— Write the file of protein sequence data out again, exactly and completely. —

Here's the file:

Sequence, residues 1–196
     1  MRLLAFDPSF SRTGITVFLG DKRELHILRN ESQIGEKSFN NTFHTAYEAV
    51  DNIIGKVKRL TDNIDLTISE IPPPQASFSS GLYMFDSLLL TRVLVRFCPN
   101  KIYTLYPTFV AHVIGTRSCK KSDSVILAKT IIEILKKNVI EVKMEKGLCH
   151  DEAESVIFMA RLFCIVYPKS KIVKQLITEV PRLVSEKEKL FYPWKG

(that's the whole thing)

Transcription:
Sequence, residues 1–196
     1  MRLLAFDPSF SRTGITVFLG DKRELHILRN ESQIGEKSFN NTFHTAYEAV
    51  DNIIGKVKRL TDNIDLTISE IPPPQASFSS GLYMFDSLLL TRVLVRFCPN
   101  KIYTLYPTFV AHVIGTRSCK KSDSVILAKT IIEILKKNVI EVKMEKGLCH
   151  DEAESVIFMA RLFCIVYPKS KIVKQLITEV PRLVSEKEKL FYPWKG